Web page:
Published: January 20, 2020 11:30:48 am
The manned missions to Moon and Mars would need humans to built habitat for a prolonged stay and transporting the habitats or even the materials for construction is an expensive affair. So while the science fiction movies made you believe that our future on Mars and other planets would be metallic and run by machines, in reality, it could be a lot greener or organic.
Instead of habitats made of metal and glass, NASA is exploring technologies that could grow structures out of fungi for astronauts on their mission to Moon or Mars. The myco-architecture project is part of NASA’s Innovative Advanced Concepts program, known as NIAC that considers different aspects of life as technology.
The space agency’s Ames Research Center in California’s Silicon Valley is prototyping technologies that could “grow” habitats from fungi and the threads that make up the main part of the fungus– known as mycelia. The space agency is also exploring the possibility for it to become a more sustainable way of living on Earth as well.
“Right now, traditional habitat designs for Mars are like a turtle — carrying our homes with us on our backs – a reliable plan, but with huge energy costs,” said Lynn Rothschild, the principal investigator on the early-stage project. “Instead, we can harness mycelia to grow these habitats ourselves when we get there.”
The project envisions astronauts to have a compact habitat built out of lightweight material with dormant fungi that will last on long journeys to places like Mars. Simply by adding water, the fungi will be able to grow around that framework into a fully functional human habitat, while ensuring that it is contained within the habitat to avoid contaminating the Martian environment.
The fungus and mycelia
It is a group of organisms that produces spores and eats up organic material. The most prominent example of a fungus is a mushroom or the yeast in bread. The mycelia of a fungus are the tiny threads build complex structures that network out into larger structures like mushrooms. NASA says that with the right conditions, these same threads can be coaxed into making new structures – ranging from a material similar to leather to the building blocks for a Mars habitat.
Myco-architecture on Moon and Mars
The myco-architecture is more than just walls. It will also help build furniture and other things of use. However, just like the astronauts, the fungal mycelia is a lifeform that eats and breathes. For this purpose, NASA proposes to use Cyanobacteria that can use energy from the Sun to convert water and carbon dioxide into oxygen and fungus food.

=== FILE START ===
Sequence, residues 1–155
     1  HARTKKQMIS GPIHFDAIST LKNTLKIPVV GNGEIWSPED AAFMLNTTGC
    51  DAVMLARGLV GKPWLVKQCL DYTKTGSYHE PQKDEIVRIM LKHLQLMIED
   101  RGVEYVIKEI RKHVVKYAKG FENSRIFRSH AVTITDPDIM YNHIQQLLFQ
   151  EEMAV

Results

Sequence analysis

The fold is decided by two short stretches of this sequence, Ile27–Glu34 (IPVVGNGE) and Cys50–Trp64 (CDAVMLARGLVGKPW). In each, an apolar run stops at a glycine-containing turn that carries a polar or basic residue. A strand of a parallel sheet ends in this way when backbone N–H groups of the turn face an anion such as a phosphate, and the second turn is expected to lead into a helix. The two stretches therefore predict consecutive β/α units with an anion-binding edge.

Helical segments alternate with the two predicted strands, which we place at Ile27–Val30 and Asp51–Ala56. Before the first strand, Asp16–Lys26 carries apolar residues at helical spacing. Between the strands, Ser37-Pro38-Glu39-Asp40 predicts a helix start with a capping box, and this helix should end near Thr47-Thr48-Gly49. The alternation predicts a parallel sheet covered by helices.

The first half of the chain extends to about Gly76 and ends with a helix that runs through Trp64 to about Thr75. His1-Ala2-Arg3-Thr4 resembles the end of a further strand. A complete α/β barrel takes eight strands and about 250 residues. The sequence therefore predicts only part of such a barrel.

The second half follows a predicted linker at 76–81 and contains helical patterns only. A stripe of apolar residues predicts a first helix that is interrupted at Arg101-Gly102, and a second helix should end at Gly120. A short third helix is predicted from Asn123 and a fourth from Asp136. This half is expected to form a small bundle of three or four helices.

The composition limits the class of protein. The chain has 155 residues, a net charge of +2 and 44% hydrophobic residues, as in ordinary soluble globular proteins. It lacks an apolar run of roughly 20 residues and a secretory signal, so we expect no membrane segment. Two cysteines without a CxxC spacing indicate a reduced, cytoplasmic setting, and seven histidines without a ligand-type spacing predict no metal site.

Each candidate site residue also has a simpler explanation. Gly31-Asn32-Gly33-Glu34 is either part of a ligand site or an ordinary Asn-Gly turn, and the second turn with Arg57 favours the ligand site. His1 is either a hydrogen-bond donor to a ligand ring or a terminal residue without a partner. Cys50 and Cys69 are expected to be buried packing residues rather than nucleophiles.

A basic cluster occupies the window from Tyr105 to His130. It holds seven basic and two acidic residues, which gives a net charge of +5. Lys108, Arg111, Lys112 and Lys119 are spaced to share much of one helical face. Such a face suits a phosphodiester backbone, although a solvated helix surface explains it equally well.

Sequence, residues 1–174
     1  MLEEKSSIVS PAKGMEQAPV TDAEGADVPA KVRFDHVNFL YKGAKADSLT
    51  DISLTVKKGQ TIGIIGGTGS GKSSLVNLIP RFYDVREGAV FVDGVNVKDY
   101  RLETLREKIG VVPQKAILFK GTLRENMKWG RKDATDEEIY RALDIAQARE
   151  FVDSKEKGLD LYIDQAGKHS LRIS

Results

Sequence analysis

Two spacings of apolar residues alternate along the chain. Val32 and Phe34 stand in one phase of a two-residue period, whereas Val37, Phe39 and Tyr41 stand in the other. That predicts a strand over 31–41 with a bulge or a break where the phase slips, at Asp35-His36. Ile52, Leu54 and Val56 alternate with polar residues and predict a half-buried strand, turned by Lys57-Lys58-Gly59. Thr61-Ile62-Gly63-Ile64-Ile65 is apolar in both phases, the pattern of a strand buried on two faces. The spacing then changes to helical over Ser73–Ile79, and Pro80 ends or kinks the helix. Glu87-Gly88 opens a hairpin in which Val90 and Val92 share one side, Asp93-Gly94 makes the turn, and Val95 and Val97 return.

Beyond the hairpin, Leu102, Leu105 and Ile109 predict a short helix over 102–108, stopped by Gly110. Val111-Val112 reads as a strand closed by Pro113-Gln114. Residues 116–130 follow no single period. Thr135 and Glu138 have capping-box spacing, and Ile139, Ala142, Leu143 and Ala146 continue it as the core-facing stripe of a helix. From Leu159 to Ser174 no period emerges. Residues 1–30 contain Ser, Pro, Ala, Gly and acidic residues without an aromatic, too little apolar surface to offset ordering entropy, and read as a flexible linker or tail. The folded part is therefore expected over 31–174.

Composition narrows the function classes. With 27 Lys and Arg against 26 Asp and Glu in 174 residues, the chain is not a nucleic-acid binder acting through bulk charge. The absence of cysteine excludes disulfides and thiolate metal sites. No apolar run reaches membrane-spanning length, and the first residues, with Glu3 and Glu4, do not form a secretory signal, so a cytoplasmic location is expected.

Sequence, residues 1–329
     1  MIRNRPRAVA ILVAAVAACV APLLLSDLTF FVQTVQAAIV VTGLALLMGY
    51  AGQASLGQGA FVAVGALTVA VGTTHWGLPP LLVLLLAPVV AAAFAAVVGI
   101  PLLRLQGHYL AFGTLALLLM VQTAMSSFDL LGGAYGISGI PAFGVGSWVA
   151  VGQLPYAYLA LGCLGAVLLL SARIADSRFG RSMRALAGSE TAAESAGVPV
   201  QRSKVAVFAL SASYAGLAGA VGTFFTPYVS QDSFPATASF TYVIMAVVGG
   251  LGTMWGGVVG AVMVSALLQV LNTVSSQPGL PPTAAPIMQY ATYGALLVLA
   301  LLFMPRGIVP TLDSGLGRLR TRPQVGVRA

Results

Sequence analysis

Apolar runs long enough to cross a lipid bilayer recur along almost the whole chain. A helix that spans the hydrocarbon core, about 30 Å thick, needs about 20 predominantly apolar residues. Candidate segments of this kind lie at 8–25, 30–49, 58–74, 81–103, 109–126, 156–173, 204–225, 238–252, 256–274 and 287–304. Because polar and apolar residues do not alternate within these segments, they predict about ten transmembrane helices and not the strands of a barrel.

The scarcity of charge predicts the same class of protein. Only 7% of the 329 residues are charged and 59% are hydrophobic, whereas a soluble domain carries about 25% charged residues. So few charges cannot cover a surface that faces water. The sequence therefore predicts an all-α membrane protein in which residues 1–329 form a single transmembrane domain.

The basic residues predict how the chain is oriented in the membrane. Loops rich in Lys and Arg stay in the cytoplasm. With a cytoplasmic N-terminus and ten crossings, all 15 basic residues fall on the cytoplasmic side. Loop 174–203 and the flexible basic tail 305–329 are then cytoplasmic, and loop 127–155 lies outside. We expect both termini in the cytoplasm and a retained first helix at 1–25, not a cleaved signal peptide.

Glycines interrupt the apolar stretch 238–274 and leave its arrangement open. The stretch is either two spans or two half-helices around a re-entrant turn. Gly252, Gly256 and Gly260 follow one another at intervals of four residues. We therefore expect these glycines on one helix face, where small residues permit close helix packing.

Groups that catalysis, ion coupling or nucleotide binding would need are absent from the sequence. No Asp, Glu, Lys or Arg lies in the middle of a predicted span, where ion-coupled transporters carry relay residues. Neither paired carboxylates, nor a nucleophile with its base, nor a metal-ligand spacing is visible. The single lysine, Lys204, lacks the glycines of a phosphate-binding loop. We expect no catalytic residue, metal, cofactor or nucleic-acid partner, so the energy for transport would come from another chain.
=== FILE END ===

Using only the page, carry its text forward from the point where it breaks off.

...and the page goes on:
“These pieces come together in an elegant habitat concept with a three-layered dome. The outer-most layer is made up of frozen water ice, perhaps tapped from the resources on the Moon or Mars. That water serves as a protection from radiation and trickles down to the second layer – the cyanobacteria,” NASA said. “This layer can take that water and photosynthesize using the outside light that shines through the icy layer to produce oxygen for astronauts and nutrients for the final layer of mycelia.”
“That last layer of mycelia is what organically grows into a sturdy home, first activated to grow in a contained environment and then baked to kill the lifeforms – providing structural integrity and ensuring no life contaminates Mars and any microbial life that’s already there. Even if some mycelia somehow escaped, they will be genetically altered to be incapable of surviving outside the habitat,” NASA added.
Sustainable fungus homes back on Earth
NASA also proposes to use mycelia for water filtration and biomining systems that can extract minerals from wastewater. The fungal architecture could also be used as bioluminescent lighting, humidity regulation, and self-generating habitats capable of healing themselves. With about 40 per cent of carbon emissions on Earth coming from construction, NASA emphasises on the need for sustainable and affordable housing here on Earth.
“When we design for space, we’re free to experiment with new ideas and materials with much more freedom than we would on Earth,” said Rothschild. “And after these prototypes are designed for other worlds, we can bring them back to ours.”
NASA says that while the fungi could solve the problem of habitat on the harsh environments of the Moon and Mars, it could also design solutions for Earth that are green and sustainable.
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